Banks are a necessary evil, we all need to use them but there are many bank secrets that they try to keep from us. They want us to believe that they are helping us, but there’s quite a few things going on behind the scenes that we need to know about.
Here’s 6 bank secrets to be aware of:
Fees can be waived – Monthly bank fees will usually be waived if you keep a minimum amount in your account, but did you know you can get your credit card interest and overdraft fees waived too?
If you’re a long time client of the bank and you accidentally paid your credit card a day late, or you went into the red in your chequing account, you can ask for the fees to be waived. Call customer service and explain to them you made an honest mistake and you’re hoping to get the charges dropped. If you have a good standing with your bank, they’ll probably refund the charges– just don’t make those mistakes again.
Employees are salespeople – All banks have “sales revenues” (SR) goals. Although tellers and financial sales representatives don’t get a direct commission from these SRs, their performance bonuses and reviews definitely depend on how much SR they bring in. Like any salesperson, they have sales goals, so it’s not uncommon for tellers to recommend a service or account that doesn’t benefit the client just so they can meet their sales quota.
Their mortgages kind of suck – A former bank insider told me the following about applying for a mortgage at the bank.
“(The) big difference between a mortgage broker and a rep in the branch is that the mortgage broker simply offers the mortgage at a competitive rate, refers it to a bank, bank pays him/her cash. Only a bank rep actually tries to negotiate the rate upward for their own “SR”. This is why walking into a bank branch looking for a mortgage is just about one of the stupidest financial decisions anyone can make.”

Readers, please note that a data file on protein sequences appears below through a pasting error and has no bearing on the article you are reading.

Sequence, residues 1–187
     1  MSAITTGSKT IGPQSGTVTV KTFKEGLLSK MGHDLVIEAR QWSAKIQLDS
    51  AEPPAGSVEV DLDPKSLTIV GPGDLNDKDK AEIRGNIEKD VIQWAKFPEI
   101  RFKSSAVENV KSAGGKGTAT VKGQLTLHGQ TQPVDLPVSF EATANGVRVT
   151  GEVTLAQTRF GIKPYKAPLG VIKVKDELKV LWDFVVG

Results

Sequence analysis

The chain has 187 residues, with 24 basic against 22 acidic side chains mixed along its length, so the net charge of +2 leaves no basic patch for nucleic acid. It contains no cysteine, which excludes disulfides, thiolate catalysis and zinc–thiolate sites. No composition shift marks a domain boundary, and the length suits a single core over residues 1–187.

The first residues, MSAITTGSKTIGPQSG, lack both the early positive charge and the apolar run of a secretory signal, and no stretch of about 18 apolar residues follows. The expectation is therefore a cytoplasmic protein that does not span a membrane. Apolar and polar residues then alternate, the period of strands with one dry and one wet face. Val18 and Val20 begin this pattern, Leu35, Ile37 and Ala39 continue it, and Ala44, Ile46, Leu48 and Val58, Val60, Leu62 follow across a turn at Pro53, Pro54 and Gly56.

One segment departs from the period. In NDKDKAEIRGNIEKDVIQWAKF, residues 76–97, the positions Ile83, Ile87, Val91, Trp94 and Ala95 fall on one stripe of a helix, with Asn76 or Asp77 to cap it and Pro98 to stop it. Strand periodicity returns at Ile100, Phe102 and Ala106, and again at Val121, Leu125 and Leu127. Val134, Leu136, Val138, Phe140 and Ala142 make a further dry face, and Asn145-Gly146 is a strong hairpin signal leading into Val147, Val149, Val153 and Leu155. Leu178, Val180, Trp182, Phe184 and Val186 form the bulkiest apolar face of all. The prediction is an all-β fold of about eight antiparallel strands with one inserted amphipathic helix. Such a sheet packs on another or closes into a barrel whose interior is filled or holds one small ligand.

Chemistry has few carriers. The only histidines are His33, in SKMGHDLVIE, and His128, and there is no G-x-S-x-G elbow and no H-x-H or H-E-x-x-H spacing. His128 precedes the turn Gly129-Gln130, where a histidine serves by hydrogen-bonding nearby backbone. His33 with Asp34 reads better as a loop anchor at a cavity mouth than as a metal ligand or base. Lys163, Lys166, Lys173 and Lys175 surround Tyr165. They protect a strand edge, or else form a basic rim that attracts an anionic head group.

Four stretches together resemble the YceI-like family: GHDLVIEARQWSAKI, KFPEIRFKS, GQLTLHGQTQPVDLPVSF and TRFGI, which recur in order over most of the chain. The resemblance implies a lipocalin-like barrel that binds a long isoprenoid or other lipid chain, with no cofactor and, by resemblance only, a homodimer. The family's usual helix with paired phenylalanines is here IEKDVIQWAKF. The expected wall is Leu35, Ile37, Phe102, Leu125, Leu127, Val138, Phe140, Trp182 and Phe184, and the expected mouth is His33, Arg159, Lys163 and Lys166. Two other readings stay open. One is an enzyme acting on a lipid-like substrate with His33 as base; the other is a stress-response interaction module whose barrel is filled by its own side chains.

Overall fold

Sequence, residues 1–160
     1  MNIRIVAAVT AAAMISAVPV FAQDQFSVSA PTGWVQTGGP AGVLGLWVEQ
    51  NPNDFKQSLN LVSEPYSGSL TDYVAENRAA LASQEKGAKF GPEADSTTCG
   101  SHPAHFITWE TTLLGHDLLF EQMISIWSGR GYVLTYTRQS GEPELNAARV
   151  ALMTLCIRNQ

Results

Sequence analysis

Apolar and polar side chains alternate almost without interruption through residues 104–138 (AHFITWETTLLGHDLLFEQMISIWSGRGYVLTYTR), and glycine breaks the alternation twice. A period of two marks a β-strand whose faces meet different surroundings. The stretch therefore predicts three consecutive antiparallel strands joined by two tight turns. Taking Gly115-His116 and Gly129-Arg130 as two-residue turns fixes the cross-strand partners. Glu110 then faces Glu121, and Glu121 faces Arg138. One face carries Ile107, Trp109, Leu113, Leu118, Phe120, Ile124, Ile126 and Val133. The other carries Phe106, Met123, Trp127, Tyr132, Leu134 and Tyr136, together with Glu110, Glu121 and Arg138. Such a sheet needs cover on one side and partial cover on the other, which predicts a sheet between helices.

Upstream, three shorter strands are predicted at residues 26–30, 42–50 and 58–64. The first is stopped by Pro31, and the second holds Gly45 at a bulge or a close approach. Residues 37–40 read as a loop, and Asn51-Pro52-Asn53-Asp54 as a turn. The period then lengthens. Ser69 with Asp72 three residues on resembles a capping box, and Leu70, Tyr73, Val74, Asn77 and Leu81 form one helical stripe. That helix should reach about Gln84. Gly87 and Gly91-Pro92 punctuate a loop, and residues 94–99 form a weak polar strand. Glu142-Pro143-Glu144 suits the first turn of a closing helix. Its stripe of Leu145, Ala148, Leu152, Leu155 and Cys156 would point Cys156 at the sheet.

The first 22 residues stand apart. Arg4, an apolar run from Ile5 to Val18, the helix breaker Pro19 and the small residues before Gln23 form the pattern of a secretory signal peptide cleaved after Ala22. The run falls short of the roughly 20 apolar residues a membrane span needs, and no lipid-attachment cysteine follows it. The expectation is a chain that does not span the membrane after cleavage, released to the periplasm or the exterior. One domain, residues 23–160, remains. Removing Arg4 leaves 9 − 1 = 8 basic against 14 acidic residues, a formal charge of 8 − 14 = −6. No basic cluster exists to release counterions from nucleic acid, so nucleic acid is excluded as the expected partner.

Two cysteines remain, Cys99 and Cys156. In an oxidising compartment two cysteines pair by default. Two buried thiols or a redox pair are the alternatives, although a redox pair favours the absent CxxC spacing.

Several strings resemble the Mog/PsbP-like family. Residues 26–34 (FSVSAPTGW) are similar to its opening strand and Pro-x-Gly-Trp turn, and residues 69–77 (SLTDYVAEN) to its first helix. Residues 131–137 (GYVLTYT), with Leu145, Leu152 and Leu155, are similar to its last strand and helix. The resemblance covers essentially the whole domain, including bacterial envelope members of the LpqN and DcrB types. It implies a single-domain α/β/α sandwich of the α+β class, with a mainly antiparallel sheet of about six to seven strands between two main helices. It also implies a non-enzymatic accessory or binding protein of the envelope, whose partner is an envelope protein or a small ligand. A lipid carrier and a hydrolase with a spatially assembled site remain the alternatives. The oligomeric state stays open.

The most annoying thing is that the banks will almost always match any rate your mortgage broker can get you so why play this game with clients?
Their financial knowledge is limited – Seriously, there’s a good chance you might know more about personal finance than the people working at banks. The only qualification you need to become a bank teller is a high school diploma. Financial sales representatives are a step above tellers and they also don’t require any formal training/schooling. Okay I’m sure they are trained to know all about the different products that their employer offers, but their knowledge about how to help you achieve financial success is most likely limited.
I should note that banks do employ financial advisors that have formal training e.g. certified financial planners and some of them are great.[icon name=”share” class=””] Related: Money terms you need to know
They make it difficult for you to leave – The banks refer to this as client stickiness. If we have just one product/service with the bank then it’s really not that difficult for us to jump ship if we so desire. With two products/services e.g. chequing account and visa, it’s a bit more difficult for us to change banks but not impossible. Once we get to 3+ services it’s unlikely we’ll switch banks at all.
Think about it, if we have a chequing/savings account, credit card, line of credit, direct deposit, RRSP, and TFSA setup then we’re going to need a really good reason to switch. The banks encourage us to add products/services not just to meet their sales revenues but also to decrease the odds of us leaving them.
Your money is better off somewhere else – To put it simply, our money is better off somewhere else. The interest rates offered at our local banks is basically nothing, we’re much better off parking our money at an online bank like Tangerine or PC Financial. Tangerine even offers low cost mutual funds which are much cheaper to own than your traditional mutual fund.